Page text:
How to bullet plan: the basics of bullet journalling

16 October 2017

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Want to start a bullet journal but not sure where to start? Author of The 365 Bullet Guide Zennor Compton explains all you need to know in this quick and easy guide.

 

What is a bullet journal?

A bullet journal is a planner, diary, to-do list and sketchbook all in one. The focus is on organization. You create the bullet book that works for you. It can be as simple as a set of to-do lists… Or you can use it to record and plan your entire life. There are tips to get started but then there are no rules - the bullet system provides a framework and you do the rest.

How does it work? The basics of bullet journaling

1. If your notebook is completely blank, number the pages or be sure to number them as you go along. On the first page, add a title (it can just be your name). Alternatively, leave this blank and come back once you’ve had some practice with lettering, borders and doodles. On the next page, add your heading: INDEX. The Index will act as a contents page for your journal. It will allow you to keep track of the different spreads you add to your book by using their title and page number. As your journal gets longer, you’ll be able to find what you’re looking for at a quick glance. Leave this page blank for now.

2. The main principle of bulleting can be summed up using a very simple key of symbols that will represent the different tasks that could appear on your to-do list. These symbols will be used throughout your journal so it will be useful to have this at the start of your book, allowing you to refer back to it when you need. Try this key to start with:

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3. Now we’re going to add a handy year-long calendar for reference. This is your Yearly. You might want to try this in pencil first, or measure your months with a ruler. This can be spread over a double page depending on how much space you want to allocate for each month. Once you’ve finished, make a note of the page numbers to use in your newly created Index.

4. Next, create a Future Log. The easiest way to do this is to divide a double page-spread into twelve sections, one for each month of the year. This is where you’ll keep track of those tasks and dates that you need to remember in the future. It’s essentially a brain dump that will allow you to focus on the tasks at hand, rather than worry about those upcoming. Make a note of key dates like birthdays, holidays and anniversaries. Now, once again, make a note of the page numbers to add to your Index.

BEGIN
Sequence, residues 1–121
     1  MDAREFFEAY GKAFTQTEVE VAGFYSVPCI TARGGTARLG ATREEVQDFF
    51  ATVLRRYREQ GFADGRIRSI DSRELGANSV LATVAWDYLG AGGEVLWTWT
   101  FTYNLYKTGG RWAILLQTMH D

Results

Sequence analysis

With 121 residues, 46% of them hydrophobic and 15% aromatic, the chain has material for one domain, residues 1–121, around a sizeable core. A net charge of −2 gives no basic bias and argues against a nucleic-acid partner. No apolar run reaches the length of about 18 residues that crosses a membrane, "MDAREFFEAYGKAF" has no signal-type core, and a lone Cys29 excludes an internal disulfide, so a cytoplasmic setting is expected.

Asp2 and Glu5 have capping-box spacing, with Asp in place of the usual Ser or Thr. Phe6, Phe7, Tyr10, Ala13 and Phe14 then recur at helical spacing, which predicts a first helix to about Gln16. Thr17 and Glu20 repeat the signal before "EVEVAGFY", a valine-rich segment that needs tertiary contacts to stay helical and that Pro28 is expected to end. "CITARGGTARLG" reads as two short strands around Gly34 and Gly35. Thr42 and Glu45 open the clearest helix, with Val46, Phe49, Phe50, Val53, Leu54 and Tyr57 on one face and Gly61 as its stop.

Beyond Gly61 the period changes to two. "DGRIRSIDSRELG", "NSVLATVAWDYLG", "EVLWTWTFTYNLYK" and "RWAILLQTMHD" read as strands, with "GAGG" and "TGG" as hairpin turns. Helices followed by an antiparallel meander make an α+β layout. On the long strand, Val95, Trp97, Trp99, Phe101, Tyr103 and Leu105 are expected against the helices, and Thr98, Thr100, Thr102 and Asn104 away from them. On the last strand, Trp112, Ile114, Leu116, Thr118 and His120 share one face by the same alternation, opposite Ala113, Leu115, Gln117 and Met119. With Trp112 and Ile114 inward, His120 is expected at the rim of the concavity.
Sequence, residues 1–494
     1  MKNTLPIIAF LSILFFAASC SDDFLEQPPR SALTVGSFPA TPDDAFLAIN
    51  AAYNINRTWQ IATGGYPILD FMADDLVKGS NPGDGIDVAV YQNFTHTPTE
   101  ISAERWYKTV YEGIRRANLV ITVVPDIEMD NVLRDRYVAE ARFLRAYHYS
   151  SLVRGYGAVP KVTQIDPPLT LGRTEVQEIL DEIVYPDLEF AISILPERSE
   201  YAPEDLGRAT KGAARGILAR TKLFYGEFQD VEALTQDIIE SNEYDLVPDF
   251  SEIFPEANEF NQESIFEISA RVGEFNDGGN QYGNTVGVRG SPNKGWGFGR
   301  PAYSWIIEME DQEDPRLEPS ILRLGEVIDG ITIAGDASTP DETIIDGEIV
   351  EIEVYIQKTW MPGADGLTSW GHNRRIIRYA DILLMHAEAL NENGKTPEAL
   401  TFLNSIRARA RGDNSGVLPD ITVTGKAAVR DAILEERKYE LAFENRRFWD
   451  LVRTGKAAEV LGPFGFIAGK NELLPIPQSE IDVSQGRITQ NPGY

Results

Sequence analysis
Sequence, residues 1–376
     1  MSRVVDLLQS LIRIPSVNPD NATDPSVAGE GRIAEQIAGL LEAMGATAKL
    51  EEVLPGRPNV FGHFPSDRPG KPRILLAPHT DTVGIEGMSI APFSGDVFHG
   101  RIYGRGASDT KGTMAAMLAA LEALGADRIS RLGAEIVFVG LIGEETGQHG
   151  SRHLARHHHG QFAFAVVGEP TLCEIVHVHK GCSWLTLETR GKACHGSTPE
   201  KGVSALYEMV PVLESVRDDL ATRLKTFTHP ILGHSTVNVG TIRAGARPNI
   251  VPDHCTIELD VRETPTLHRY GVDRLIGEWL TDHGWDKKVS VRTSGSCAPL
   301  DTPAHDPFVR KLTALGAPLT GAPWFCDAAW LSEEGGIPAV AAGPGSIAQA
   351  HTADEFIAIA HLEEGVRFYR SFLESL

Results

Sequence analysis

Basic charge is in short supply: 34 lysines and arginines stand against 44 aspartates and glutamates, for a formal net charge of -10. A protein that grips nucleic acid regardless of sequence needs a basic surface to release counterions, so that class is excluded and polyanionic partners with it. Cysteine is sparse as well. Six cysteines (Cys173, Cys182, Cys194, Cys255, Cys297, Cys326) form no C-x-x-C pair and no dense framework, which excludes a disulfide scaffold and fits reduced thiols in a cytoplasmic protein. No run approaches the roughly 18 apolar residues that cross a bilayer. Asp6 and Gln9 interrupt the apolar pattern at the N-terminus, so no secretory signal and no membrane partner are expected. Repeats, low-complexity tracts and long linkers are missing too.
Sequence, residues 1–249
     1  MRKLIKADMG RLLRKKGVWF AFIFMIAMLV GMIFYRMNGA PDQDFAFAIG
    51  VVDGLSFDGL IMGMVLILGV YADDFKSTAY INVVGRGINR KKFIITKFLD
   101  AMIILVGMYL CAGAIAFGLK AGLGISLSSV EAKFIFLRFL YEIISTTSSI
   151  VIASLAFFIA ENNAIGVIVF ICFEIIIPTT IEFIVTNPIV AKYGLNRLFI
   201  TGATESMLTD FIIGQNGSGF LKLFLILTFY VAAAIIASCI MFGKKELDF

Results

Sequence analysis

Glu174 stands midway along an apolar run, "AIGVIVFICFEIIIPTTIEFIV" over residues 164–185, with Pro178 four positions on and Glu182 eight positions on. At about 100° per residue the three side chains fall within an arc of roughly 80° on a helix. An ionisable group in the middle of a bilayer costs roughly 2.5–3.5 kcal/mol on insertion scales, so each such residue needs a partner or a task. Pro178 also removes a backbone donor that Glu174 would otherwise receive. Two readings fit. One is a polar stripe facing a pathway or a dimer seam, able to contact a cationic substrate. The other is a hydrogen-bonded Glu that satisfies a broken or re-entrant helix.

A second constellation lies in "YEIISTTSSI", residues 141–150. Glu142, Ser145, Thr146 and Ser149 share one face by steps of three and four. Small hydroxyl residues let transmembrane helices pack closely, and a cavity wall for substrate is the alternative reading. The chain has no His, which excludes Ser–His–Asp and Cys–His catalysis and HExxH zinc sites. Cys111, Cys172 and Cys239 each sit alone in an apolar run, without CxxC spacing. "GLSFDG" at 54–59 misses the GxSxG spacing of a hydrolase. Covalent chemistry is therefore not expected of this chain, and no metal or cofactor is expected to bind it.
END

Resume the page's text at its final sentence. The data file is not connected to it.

5. Now, your Monthly page. This is a great place to make a note of key appointments and dates so that you can look at the month ahead at a glance. Check your Future Log for any such instances. Don’t be tempted to replicate this for the months ahead. You’ll create a new Monthly page at the start of every month to stay as up-to-date as possible. Now index it.

6. As you’d guess, a Weekly page provides the opportunity to sit down and look at the week ahead. Make a habit of sitting down on a Sunday evening to write this page and noting down upcoming appointments, social events or deadlines. Even if your plans go haywire, this routine will provide a sense of ease and mindfulness.

7. Hopefully you’ve kept the coded bullet list we created in the key at the start of your book going. Daily pages are, at their most basic, where you keep that list. Again, no need to add these ahead of time because your Weekly, Monthly and Future Log have you covered. You might not use a page a day, so if you only use a quarter page for a day’s list, go ahead and start the next day on the same page. You don’t need to index these, unless you want to. Don’t feel obliged to create a Yearly, Monthly, Weekly and Daily if you don’t want to – this is your journal so pick the combination that you know will keep you the most organized. If you’re not sure, try them all out and eliminate as necessary.

 

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